The Evolution of Davis Square

By Patrick Doyle | Boston Magazine |

WITH ALL THE TALK of how the Green Line extension would spur development in Somerville and Medford, it’s easy to imagine the mini metropolises that might sprout up. But don’t expect an instant miracle: Davis Square got its T stop in 1984, but it took a couple of decades for it to grow into the hip ’hood it is now. Here’s a look at how that scene came to be.

THE OLD GUARD: 1914–1984
1 Somerville Theatre
2 Sacco’s Bowl Haven
3 Rosebud Diner
4 McKinnon’s Meat Market
5 Johnny D’s Uptown
6 Mike’s Food & Spirits

THE PIONEERS: 1985–1999
After the Red Line was extended to Davis Square in 1984, restaurateur Robert Gregory saw an opportunity in all the new foot traffic and opened the barbecue joint Redbones in 1987. In 1990, Harvard Vanguard unveiled a medical center, which drew a host of new visitors.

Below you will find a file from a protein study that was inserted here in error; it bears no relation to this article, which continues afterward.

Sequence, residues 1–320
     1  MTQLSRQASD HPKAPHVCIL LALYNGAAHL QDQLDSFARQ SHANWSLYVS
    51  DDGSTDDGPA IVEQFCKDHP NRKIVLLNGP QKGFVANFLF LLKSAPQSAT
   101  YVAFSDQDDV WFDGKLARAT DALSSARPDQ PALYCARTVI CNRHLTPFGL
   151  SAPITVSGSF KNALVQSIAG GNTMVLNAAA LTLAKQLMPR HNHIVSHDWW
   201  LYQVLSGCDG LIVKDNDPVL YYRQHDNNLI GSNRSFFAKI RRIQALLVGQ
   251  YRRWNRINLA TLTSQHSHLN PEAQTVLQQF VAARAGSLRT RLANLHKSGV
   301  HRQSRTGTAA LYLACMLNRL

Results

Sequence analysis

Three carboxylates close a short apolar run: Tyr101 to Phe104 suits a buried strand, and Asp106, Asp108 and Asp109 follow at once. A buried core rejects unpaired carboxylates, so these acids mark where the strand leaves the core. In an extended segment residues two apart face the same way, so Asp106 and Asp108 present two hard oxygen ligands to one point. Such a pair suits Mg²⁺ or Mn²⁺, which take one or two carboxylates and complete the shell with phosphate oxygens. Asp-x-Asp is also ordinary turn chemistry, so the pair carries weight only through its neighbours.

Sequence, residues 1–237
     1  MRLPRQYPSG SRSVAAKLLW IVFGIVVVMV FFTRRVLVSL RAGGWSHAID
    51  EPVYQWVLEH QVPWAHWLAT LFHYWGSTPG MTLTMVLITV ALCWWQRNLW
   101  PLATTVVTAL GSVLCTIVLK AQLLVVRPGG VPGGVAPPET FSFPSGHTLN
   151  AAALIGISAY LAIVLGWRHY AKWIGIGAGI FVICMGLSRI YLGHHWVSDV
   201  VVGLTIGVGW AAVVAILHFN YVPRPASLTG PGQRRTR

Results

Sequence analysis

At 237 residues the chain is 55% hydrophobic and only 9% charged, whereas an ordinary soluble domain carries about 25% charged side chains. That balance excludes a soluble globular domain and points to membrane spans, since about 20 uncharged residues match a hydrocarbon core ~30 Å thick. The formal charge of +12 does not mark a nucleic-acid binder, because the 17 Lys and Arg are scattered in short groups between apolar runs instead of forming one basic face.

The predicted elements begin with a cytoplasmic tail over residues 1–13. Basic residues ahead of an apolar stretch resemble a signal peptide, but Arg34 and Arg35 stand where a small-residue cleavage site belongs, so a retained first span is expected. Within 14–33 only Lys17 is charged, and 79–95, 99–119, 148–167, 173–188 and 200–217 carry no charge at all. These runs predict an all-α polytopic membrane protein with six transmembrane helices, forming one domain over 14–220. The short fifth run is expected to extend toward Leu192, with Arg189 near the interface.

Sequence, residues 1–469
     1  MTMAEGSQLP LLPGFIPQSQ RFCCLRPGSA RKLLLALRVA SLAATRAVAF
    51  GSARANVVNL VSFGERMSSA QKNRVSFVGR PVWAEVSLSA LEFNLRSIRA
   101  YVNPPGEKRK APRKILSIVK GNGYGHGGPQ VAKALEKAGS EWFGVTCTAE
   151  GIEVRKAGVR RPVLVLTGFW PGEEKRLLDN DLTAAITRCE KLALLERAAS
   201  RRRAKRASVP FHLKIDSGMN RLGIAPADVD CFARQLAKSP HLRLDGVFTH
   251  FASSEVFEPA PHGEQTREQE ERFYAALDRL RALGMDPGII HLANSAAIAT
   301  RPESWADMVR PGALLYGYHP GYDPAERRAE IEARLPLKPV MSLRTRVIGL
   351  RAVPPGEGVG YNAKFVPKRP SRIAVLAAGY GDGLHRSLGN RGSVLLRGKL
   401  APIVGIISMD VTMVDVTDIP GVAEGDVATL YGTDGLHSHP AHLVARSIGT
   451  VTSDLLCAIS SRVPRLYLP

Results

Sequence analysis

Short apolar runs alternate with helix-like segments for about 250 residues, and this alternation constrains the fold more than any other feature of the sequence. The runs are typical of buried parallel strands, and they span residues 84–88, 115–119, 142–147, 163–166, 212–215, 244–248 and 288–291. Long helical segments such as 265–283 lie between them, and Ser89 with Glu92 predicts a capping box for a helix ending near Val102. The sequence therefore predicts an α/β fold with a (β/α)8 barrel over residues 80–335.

7 Redbones
8 Nellie’s Wildflowers
9 Harvard Vanguard
10 The Burren
11 Joshua Tree
12 Diesel Café

THE SETTLERS: 2000–2009
In the aughts, fine- dining restaurants like Diva (2000) and Orleans (2001) opened, as did specialty market Dave’s Fresh Pasta (2000) and hip T-shirt and arts shops Davis Squared and Magpie (both 2007). Tufts students rejoiced.
13 Diva Indian Bistro
14 Dave’s Fresh Pasta
15 Anna’s Taqueria
16 Orleans
17 J.P. Licks
18 Davis Squared
19 Kickass Cupcakes
20 When Pigs Fly
21 Magpie
22 Snappy Sushi
23 Artifaktori
24 Boston Burger Co.

THE NEWBIES: 2010–today
The openings of Posto (2010) and Foundry on Elm (2010) signaled the introduction of high-end (despite the economy). Best before-and-after shot: Last year, Found, a consignment shop loaded with designer digs, opened a block from Goodwill.
25 Posto
26 Foundry on Elm
27 The Boston Shaker
28 Found
29 Five Horses Tavern
30 Bike Boom

Map by L-Dopa

Source URL: http://www.bostonmagazine.com/2012/01/the-evolution-of-davis-square/